My colleague from Sydney—Victoria is here today. His family came to Nova Scotia as part of the most successful wave of immigration to rural Nova Scotia in our history. That was the wave of immigration from Holland post World War II and in the 1950s. I believe that his family came to Cape Breton in 1952, in fact. At that time, families like the van Oostrums and van Dykes came to Nova Scotia and found opportunity.
There was a deliberate strategy. The provincial department of agriculture in Nova Scotia advertised, along with the federal department of immigration, in Dutch newspapers saying come to Nova Scotia, and we will help identify farmland, help finance your acquisition of that farmland through the farm loans board. We will help bring you to Nova Scotia, where you can find opportunities. They had a very targeted, economically focused immigration strategy.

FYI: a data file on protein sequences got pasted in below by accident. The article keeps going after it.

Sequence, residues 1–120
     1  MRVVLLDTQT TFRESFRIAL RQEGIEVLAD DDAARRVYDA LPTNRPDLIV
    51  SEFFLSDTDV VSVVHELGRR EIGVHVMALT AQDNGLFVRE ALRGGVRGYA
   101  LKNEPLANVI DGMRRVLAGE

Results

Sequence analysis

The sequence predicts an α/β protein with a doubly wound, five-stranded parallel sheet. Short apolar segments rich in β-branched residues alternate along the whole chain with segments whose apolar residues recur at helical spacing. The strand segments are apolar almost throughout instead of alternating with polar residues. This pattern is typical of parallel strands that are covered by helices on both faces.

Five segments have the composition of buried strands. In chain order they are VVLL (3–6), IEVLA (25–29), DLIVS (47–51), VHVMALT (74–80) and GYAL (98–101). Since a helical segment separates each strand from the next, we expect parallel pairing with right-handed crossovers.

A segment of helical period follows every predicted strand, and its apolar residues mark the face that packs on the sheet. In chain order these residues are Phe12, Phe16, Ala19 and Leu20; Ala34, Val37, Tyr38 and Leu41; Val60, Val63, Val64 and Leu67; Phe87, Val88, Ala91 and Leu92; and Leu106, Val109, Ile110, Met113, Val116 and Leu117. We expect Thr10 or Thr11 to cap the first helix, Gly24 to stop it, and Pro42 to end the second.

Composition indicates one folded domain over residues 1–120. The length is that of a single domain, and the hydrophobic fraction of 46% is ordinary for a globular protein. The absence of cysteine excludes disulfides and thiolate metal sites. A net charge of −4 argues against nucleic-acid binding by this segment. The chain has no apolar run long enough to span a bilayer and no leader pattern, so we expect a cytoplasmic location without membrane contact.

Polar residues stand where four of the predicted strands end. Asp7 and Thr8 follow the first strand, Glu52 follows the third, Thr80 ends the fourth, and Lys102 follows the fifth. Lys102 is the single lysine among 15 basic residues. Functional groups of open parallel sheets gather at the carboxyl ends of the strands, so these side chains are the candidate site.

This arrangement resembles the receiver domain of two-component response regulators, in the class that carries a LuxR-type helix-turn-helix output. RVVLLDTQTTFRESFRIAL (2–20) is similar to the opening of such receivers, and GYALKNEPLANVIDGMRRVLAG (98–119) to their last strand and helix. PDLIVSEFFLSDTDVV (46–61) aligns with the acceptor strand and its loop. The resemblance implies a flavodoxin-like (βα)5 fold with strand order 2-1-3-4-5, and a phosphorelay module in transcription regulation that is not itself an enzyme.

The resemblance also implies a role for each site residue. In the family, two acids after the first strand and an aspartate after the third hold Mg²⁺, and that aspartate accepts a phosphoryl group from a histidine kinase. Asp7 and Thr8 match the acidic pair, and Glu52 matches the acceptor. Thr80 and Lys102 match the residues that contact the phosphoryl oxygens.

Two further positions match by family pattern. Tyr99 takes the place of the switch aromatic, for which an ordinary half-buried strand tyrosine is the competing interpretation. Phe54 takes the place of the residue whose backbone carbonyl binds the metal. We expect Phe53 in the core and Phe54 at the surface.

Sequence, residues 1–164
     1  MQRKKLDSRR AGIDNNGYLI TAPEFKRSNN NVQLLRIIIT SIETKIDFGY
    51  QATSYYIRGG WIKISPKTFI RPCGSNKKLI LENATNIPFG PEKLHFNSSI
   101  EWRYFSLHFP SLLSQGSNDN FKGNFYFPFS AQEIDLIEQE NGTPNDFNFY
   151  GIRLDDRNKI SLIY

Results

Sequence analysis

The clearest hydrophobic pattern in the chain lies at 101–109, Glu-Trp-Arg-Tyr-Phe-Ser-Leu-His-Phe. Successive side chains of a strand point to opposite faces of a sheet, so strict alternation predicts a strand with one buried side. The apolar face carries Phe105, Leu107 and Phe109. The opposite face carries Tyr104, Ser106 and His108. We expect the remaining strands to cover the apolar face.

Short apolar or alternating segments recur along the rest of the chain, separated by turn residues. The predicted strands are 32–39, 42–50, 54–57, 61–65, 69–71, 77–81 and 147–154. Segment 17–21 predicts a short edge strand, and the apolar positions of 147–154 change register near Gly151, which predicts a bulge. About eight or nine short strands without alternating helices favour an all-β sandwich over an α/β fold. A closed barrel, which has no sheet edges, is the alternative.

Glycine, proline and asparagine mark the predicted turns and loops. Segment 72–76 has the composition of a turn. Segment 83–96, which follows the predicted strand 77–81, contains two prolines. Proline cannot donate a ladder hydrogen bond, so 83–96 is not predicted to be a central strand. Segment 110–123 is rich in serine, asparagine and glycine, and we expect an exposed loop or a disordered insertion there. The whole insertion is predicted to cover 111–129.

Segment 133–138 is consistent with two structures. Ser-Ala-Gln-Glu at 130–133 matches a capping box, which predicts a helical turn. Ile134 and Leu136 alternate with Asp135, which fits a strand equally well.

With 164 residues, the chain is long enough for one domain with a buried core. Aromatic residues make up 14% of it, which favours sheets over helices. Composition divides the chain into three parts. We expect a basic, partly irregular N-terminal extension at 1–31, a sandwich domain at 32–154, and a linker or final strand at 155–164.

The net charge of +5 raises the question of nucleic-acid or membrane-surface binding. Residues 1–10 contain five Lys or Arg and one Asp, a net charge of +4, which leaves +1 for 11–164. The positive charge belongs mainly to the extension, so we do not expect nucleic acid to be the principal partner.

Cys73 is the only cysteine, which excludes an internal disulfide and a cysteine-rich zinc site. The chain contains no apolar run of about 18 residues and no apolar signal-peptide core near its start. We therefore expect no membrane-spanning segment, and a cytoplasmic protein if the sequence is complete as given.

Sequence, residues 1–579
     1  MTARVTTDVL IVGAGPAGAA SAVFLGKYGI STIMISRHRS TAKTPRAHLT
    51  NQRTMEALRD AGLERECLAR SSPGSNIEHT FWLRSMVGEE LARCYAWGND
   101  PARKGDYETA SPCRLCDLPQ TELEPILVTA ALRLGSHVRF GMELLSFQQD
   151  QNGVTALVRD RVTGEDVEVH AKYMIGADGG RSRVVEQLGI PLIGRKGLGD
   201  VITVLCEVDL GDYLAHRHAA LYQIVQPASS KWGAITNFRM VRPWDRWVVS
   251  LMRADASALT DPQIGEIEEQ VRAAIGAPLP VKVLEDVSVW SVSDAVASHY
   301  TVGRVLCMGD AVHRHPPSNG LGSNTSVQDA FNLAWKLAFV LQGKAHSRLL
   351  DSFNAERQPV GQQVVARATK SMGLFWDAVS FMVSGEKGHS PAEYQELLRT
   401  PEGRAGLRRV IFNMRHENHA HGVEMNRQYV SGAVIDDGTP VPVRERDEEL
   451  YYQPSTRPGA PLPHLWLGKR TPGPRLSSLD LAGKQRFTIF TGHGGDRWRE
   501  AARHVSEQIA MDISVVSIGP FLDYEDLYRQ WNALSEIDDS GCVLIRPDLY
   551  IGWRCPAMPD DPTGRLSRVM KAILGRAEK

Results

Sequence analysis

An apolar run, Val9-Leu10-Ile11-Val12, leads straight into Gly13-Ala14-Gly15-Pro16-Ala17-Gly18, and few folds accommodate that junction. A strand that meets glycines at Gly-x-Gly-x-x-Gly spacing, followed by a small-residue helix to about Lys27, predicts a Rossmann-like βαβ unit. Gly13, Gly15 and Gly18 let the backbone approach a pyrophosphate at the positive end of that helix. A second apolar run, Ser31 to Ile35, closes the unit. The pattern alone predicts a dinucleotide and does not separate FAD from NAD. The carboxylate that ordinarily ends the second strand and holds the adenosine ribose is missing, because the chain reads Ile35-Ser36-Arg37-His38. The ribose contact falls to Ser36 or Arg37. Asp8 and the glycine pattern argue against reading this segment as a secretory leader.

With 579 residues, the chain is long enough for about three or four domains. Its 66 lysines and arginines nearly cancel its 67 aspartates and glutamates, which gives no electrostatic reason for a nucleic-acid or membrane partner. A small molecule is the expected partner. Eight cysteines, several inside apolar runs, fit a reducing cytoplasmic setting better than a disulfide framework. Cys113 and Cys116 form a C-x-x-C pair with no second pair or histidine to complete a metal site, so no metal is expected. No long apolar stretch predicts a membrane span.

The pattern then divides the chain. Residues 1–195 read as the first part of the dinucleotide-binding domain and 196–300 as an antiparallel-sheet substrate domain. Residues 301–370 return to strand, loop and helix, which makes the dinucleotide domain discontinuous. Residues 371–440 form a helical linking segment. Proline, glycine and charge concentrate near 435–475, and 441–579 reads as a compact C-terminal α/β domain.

Fast forward to today. There is tremendous growth in the wine industry and tremendous demand for Nova Scotia wines. In fact, I met with Carl Sparkes and Pete Luckett recently, two of the entrepreneurs involved in our wine industry. They told me that they could sell thousands and thousands of cases of Nova Scotia wine. They sell out every year. There is Chinese demand. The global demand for Nova Scotia wines is growing. The quality has developed very positively. There are gold medal winning wines being produced in Nova Scotia. The biggest challenge is grapes. Nova Scotia does not currently grow enough grapes to meet the demand for Nova Scotia wines. Yet there is farmland across the province that is underutilized, prime farmland, which could be incredible for vineyards.
Fast forward from the Dutch example to today's example. The hardest hit European economies, countries such as Portugal, Italy, Spain and even France, are also countries with a disproportionate amount of expertise in the areas of grape production and wine production.